Michael O'Doherty: Caroline thought Jude was a waiter
Caroline Morahan shared another anecdote about her life among Hollywood's movers and shakers at the weekend, joking about how she mistook Jude Law for a waiter in a Chateau Marmont hotel she was visiting, simply because he was wearing a white shirt and black trousers.
Of course, it's an easy mistake to make. Apparently waiters in the same hotel mistook Caroline, was was dressed up to the nines in that celebrity hang-out, for a busy, successful actress... until they realised she was Caroline Morahan.
Waters wants his money back? As a licence payer, I want my cash returned
JOURNALIST, author and whinger John Waters has been regaling us with another of his landmark 'anti-establishment' stands against the capitalist forces of oppression -- ie car clampers and toll booths.
In the 183rd instalment of his ongoing battle, John described how he was forced to pay €2.70 for using a motorway, though a queue at the toll booth meant that he didn't actually save any time over using the untolled national road.
So, naturally, John wrote to the company and demanded his money back, but because they would only give him a voucher instead of a refund, he saw fit to publish their reply.
At the heart of his ludicrous complaint is his claim that only one booth was available to him, as he didn't have a pre-paid tag, or have the necessary exact change, to use one of the other empty lanes.
It's obviously a long time since John travelled by bus, as these same rules are now the norm on that form of transport, a fact which mysteriously doesn't prompt people to fill up acres of newsprint every Sunday.
While no amount of money is too small for Waters to get shirty, I wonder how much money was required to get him to take all his clothes off?
Because tomorrow night sees the first episode of RTE's new series, Naked, which finds three 'celebs' -- including John Waters -- having nude portraits made of themselves.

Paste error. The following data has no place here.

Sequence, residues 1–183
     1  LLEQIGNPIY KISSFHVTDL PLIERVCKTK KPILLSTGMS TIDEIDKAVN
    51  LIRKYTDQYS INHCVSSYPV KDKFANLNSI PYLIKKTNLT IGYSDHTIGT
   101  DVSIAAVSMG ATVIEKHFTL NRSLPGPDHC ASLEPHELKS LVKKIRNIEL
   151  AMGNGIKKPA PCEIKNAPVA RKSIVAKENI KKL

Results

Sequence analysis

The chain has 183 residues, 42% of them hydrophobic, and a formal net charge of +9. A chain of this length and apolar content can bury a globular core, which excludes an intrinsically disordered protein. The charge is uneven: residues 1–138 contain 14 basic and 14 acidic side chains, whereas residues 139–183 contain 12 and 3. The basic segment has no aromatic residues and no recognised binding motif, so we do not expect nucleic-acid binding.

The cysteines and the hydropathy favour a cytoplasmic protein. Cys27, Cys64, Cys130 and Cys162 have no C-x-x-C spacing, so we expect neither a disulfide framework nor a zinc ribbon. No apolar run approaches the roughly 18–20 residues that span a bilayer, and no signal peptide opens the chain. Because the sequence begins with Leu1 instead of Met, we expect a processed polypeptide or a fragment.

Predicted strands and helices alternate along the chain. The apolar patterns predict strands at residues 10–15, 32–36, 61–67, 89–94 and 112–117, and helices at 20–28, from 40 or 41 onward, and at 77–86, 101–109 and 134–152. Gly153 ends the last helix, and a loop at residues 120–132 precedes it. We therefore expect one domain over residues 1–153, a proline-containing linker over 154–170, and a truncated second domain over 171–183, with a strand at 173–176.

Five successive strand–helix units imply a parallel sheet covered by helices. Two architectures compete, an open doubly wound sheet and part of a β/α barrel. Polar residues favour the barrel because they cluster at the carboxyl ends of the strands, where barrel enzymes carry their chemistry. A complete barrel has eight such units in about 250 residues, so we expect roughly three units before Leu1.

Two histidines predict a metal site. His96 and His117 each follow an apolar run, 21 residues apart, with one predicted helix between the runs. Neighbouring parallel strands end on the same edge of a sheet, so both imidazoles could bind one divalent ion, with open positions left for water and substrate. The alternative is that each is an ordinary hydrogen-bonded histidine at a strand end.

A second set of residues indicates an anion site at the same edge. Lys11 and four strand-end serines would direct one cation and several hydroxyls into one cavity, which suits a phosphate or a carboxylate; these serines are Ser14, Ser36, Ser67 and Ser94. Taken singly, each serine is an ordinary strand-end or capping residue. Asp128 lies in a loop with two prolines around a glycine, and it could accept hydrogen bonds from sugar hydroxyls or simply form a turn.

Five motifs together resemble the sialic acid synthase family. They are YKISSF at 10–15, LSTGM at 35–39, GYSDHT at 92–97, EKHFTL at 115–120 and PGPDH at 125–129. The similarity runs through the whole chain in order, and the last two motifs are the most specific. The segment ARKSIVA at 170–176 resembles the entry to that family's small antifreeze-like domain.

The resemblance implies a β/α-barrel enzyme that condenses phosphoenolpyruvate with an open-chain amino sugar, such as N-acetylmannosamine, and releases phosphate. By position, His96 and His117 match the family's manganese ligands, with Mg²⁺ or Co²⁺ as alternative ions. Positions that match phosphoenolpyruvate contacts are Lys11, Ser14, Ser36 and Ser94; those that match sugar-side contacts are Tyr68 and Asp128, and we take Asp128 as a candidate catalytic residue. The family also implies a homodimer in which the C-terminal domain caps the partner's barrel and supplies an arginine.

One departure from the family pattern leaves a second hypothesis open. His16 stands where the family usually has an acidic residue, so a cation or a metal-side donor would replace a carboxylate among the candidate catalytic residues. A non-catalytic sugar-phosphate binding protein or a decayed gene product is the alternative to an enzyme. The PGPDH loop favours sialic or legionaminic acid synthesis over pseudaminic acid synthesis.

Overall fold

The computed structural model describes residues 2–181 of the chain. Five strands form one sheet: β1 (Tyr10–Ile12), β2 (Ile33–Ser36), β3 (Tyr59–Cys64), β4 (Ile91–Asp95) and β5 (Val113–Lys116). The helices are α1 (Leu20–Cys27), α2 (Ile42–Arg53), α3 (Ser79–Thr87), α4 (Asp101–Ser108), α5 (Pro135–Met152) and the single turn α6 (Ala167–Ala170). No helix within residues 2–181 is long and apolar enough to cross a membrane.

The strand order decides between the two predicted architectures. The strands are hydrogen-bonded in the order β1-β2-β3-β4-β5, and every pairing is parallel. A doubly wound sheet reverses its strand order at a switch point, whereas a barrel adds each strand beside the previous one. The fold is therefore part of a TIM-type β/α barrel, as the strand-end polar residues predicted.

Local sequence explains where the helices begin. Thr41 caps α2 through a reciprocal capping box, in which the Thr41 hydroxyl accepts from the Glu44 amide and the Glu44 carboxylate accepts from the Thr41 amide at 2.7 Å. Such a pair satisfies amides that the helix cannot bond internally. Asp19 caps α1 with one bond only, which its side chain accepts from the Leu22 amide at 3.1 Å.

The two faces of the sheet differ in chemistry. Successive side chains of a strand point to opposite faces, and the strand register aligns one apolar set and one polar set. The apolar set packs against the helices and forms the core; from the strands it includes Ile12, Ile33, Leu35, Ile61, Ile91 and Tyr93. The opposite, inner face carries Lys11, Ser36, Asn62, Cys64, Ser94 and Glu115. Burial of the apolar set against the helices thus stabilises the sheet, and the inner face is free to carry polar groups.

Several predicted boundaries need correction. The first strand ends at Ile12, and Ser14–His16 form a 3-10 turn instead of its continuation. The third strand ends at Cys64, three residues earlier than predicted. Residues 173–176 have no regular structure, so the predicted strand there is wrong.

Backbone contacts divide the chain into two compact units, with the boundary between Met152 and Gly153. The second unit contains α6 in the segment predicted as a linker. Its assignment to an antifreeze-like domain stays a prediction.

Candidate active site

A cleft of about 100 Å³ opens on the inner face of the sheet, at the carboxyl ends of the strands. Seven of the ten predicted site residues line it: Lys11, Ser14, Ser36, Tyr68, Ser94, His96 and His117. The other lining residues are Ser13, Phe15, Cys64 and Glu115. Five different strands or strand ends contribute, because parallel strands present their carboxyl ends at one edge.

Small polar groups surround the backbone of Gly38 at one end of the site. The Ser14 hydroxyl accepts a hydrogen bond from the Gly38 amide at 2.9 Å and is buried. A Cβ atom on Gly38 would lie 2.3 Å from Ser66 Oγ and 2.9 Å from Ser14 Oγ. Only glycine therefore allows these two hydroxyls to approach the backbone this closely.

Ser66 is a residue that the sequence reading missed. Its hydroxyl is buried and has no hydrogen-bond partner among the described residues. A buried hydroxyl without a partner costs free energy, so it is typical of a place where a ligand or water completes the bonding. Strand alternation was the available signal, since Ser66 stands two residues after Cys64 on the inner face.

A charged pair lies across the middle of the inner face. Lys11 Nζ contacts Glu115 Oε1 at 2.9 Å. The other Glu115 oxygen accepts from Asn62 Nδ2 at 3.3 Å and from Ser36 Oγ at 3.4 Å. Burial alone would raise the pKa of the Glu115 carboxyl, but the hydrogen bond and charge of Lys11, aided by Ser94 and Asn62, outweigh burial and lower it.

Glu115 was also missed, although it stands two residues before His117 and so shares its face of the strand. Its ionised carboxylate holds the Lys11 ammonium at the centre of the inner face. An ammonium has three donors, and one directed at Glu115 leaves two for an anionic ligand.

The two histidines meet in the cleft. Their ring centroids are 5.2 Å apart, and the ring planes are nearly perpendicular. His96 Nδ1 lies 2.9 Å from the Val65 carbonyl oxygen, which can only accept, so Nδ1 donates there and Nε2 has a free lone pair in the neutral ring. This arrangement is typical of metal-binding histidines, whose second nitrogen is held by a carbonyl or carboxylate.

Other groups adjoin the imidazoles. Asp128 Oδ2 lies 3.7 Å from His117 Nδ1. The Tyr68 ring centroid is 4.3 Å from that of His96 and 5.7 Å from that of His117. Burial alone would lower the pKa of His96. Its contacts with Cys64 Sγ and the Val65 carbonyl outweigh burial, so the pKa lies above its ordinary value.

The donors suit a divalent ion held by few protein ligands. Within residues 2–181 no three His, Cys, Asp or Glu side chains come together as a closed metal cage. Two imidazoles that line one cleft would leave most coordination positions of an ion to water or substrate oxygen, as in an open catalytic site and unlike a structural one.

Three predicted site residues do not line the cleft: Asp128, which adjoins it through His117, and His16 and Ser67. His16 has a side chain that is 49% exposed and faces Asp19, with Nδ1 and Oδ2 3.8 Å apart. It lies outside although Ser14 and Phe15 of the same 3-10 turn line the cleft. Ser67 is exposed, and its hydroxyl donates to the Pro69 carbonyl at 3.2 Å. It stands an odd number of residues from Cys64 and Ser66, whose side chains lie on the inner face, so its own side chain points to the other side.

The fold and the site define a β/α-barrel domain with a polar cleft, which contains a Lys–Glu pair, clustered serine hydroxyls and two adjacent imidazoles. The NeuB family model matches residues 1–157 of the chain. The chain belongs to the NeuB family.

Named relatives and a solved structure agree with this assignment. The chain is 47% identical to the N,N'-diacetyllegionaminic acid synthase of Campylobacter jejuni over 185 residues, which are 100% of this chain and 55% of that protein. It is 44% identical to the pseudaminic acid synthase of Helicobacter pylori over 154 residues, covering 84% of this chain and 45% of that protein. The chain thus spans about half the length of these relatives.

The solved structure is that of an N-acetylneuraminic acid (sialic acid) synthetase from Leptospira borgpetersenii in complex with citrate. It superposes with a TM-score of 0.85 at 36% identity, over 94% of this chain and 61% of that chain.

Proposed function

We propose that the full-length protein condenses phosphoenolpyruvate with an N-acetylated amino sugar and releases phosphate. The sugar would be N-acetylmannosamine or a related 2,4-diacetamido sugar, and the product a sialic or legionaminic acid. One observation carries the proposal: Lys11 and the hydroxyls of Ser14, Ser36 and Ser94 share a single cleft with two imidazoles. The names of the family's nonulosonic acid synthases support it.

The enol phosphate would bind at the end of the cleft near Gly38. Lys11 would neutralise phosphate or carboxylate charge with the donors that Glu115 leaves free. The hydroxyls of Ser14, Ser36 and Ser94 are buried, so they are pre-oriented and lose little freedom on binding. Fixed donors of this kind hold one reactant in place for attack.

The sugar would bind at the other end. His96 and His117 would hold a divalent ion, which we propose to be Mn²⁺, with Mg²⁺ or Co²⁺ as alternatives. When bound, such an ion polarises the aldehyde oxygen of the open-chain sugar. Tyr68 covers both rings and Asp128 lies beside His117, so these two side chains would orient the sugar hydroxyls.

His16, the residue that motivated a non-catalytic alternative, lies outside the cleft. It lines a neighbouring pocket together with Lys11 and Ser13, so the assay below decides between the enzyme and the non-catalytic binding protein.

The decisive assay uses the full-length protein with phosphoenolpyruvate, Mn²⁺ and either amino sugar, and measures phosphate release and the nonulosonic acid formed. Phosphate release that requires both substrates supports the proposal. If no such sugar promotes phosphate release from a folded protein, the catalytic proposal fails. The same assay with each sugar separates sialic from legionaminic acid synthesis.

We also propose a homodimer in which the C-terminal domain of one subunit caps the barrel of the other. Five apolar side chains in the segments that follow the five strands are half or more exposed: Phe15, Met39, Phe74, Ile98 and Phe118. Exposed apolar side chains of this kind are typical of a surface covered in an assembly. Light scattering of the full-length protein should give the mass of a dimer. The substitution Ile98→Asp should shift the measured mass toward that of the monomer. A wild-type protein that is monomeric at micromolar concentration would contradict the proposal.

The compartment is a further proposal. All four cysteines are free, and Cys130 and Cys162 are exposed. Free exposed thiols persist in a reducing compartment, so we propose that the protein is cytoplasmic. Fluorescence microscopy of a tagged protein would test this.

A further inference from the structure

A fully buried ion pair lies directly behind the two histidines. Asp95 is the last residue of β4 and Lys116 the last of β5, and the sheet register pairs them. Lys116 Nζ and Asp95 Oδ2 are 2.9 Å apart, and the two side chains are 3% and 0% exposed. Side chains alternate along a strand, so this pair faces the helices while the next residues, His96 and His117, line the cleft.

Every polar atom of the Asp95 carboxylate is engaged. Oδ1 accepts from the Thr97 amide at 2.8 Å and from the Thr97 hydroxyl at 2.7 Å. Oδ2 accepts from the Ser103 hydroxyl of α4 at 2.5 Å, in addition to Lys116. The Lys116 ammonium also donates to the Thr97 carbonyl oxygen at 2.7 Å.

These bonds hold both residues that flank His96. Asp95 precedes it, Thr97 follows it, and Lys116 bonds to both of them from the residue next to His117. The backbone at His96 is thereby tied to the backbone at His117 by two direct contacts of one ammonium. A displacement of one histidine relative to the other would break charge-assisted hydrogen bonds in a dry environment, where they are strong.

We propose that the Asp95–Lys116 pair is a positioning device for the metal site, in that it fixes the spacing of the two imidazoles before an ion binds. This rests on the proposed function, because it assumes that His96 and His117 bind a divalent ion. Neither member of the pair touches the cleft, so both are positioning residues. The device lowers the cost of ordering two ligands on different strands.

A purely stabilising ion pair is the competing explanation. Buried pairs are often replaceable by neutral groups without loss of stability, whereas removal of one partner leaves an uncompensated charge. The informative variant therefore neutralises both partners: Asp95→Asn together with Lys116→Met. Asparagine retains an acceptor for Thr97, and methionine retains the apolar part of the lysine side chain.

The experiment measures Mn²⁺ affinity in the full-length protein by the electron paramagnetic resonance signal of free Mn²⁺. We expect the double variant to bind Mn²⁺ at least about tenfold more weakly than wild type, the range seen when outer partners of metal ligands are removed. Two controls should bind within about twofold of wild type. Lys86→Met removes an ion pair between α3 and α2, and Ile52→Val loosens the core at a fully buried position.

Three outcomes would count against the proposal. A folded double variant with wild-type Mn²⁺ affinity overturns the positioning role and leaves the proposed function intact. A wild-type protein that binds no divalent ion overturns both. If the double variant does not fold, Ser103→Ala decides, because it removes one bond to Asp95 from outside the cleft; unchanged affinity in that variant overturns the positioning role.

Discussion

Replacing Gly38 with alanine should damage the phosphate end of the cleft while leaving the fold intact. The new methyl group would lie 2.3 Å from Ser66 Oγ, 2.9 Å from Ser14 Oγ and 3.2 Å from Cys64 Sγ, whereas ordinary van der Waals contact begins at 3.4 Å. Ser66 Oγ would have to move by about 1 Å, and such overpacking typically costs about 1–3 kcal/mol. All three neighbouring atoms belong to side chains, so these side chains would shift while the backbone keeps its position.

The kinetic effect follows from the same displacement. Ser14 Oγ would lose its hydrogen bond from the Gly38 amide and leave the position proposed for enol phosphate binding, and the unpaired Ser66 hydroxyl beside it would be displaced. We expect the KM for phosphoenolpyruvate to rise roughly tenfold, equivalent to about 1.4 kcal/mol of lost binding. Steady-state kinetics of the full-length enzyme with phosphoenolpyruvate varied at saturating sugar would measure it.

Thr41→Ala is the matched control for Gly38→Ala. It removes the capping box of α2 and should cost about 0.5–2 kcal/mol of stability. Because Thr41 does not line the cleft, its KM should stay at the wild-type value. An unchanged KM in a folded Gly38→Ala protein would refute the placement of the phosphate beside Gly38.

Masquerading as a profound analysis of our relationship with our own bodies, the horrific thought of John in the buff should provoke a Waters-like response from all its audience.
Every licence fee payer should write to him and demand a refund of the portion of their fee that was spent on this gruesome project.
Oh no, grumpy Graham can't resist a gripe
MY favourite grumpy tweeting comedy writer, Graham Linehan, was at it again last week.
A British comedy troupe are exploiting his most famous creation by staging a Father Ted: The Dinner Show, where guests pay for dinner while being entertained/insulted by the show's best-known characters.
"A bunch of chancers," is how Graham described them and, from the clip of them performing in some low-rent booze up in a marquee, I can see his point. But of course he couldn't leave it there... Linehan also tweeted that the troupe should "give a hefty cut of the profits to charity."
At £39 a head, including dinner, I don't think these comedians are raking it in -- unlike Hat Trick Productions, Father Ted's makers, who continue to make millions on the back of a show's repeats and DVDs. Meanwhile, the actual cast, who never negotiated royalties, were left with just their original fee.
Perhaps Graham would care to ask Hat Trick how much of a 'hefty cut' they've donated to charity over the years?
Come on, Andrea. Admit it's a bit cheeky giving off on downloads
'YOU put your work into creating a piece of art for people just to take it -- you can't think it's not stealing, because it is."
Coming from the mouth of Andrea Corr, I automatically assumed that the beautiful singer turned actress was describing her recent album of cover versions, Lifelines, and apologising for making a mess of the original artistes' recordings by describing her efforts as nothing better than 'theft'.
After all, reviews for Lifelines have been less than gushing, with one critic calling it "lingering death by musical blandness," and the album only barely managed to scrape into the top 40.
But Andrea has a different explanation for its disappointing performance -- illegal downloading. It's the people who pirate music, you see, that Andrea was referring to in her quote at the start of this article; she claims they're destroying musicians' ability to make a living.
All of which is a bit rich coming from a member of the Corrs. Lucky enough to have started her career in the pre-internet era, Andrea made a sizeable fortune from her band's oeuvre. She also had the good sense to branch out into acting, for which she has earned some decent reviews.
She comes across as a rather sweet soul, who's aware of how good life has been to her.
So why didn't she didn't stick to acting, and leave a good thing alone by not going back into the recording studio? With a bizarre lack of self-awareness, she also complains about new bands not being able to break into the business.
"Musicians now won't be able to spend all their time doing music," she claims, "they'll have to do other jobs, so we might not get to hear the new Rolling Stones."
Yes they will, Andrea -- talent will always come through. If there is one thing that is stopping new bands from progressing, it's over-the-hill musicians trading on past glories and taking a chunk of record companies' funds to churn out turgid albums of cover versions of other people's songs, principally because they've run out of inspiration to write their own.